Perhaps as much as any top MSO, Cox Communications Inc. faces tough competition, most notably from video-over-digital-subscriber-line (VDSL) provider Qwest Communications International Inc. (formerly U S West) in Phoenix. The company's stock took a hit late last month after Cox failed to meet cash-flow projections, which analysts blamed partly on increased competition. But in the industry, Cox is viewed as one of the most aggressive marketers-the first to deploy telephone, high-speed data and digital cable all within a single system. One of the highest-ranking female executives in the industry, executive vice president of operations Margaret (Maggie) Bellville deals with these competitive, marketing and operating challenges on a daily basis. She spoke with Multichannel News marketing editor Monica Hogan recently. An edited transcript follows:
MCN: How has competition changed the way you market your services?
MB: We've had to be much more specific not only about the offers we make, but about how we offer them. We've had to be where the customer chooses to buy. We have to be thoughtful about what the customer wants and what they're willing to pay.
Certainly, competition has changed us from taking a one-dimensional approach to the customer, with one-dimensional products, to a multidimensional product line, and how we represent ourselves in the marketplace.
We don't want to be just the cable company anymore. We want to be a provider of multiple products and services to the customer, someone who's been there with them for 25 years and wants to now be the total provider of those services to the home.
MCN: Do you have a sense of whether consumers are willing to see you as a multiservice provider rather than just a cable company?
MB: Absolutely. The acceptance rate of our [new] products and services by our customers has been unbelievable. When you consider the fact that now, 70 percent of the people calling us for cable service are taking digital, that's unheard of.
When you think about how high-speed data is growing-and residential telephone is at double-digit penetration rates-customers are seeing us in that light and accepting us as a provider of those kind of services. It's very good news.
MCN: What are you learning in Phoenix that you might be able to take to other markets?
MB: Remember, this is not our first major skirmish with a phone company. We had issues in Omaha [Neb.] with U S West.
We saw the same thing in New Orleans, with BellSouth [Corp.], where they took a digital MMDS [multichannel multipoint distribution service, or wireless cable] product and saturated the market with tons of advertising and marketing and 'frees' and giveaways.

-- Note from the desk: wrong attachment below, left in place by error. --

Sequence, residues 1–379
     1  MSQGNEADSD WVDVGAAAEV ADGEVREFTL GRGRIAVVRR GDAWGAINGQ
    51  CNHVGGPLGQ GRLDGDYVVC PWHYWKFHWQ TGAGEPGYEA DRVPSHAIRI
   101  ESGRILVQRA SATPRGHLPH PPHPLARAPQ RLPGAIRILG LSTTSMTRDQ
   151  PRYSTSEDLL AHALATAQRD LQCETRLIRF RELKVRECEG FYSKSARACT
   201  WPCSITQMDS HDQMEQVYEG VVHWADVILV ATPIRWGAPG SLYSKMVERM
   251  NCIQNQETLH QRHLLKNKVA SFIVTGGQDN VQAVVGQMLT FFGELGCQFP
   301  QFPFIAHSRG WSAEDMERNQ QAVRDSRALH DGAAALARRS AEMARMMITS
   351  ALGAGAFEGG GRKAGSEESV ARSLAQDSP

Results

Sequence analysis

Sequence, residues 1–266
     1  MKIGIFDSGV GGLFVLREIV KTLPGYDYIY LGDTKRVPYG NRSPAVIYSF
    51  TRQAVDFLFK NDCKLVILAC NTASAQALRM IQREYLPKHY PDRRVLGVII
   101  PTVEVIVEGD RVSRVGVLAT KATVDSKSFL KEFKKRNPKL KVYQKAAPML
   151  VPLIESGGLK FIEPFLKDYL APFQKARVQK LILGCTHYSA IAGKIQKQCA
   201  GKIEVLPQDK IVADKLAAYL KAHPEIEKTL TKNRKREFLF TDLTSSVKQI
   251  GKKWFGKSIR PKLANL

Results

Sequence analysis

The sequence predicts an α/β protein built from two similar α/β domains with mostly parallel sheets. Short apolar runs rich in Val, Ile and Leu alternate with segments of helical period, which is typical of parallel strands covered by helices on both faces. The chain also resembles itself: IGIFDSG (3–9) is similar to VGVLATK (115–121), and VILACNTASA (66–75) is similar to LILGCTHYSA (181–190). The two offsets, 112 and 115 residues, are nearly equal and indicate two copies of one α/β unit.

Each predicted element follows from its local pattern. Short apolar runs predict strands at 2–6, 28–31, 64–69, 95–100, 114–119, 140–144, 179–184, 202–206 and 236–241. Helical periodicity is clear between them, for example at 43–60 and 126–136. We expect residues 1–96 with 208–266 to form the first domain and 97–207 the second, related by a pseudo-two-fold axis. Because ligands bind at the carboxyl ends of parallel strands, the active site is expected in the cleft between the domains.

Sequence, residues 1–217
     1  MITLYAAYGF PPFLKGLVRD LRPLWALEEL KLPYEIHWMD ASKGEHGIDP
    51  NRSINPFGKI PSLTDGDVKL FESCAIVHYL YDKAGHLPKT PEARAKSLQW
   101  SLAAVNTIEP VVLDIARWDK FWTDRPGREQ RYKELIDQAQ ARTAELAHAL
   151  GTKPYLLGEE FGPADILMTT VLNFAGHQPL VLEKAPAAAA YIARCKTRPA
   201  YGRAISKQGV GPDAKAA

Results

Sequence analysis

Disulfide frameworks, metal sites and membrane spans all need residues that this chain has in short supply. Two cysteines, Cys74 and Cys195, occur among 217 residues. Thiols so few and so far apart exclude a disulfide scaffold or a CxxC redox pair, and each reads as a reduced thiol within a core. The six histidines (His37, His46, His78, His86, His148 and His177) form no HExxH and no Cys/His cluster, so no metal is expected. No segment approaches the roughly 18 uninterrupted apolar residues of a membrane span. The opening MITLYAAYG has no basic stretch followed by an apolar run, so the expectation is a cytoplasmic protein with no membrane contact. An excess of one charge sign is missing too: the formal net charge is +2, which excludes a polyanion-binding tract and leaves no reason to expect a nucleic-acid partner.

And now, we see it in Phoenix, the same stuff: three months free, free service, free modems, free hardware, free everything, with tons of money and deep, deep pockets.
What have we learned? We're learning what we learned in the other two markets, as well: We're not going to let them take our customers easily. We're going to be as aggressive as we can be, but within our economic parameters.
And we're going to be patient in terms of this because we really feel like we can overcome. We can succeed, and we will. It's just new for people on the outside. But for us, we've been there before.
MCN: Is there anything unique about VDSL that makes the competition in Phoenix tougher?
MB: What makes it easier for U S West is that they can go into a very large subdivision and basically sell the owners of the subdivision on the product and capture 5,000 homes immediately. They don't have to offer service ubiquitously the way we do.
Is there anything potentially different? No. We think our product is every bit as strong.
Where we are continuing to move, however, is on our upgrade. A little more than 60 percent of Phoenix is currently upgraded, and U S West has targeted our nonupgraded areas.
They're really not competing with us head-to-head. They're going where we still have to upgrade. And once we get that upgrade in place, I'm sure we will win back many of our customers.
MCN: How decentralized are your operational and marketing efforts across your various systems?
MB: Our big systems operate based on sets of standards that this company has deployed for years and years and years: standards around customer service, around customer install, repair. Those standards are set, and our systems live and die by them.
Relative to marketing, [Cox vice president of marketing] Joe Rooney has done a great job of creating overarching marketing umbrella strategies. The systems can basically take these programs and campaigns and model them to their market, which saves a lot of money and helps us to create the same look and feel across our systems.
MCN: Do you have a mechanism for sharing best practices across the systems?
MB: We have a couple of ways. We have an operations-support team here in Atlanta run by [vice president of operations support] Jim Renken, who works for me. He basically sets up the best practices for all new products and services. And as those become deployed across the markets, those learnings go along with those launches.
We also have a very, very tight marketing organization. Even though they're out there across the country, they are very, very connected and communicate very closely with Joe Rooney and the staff here.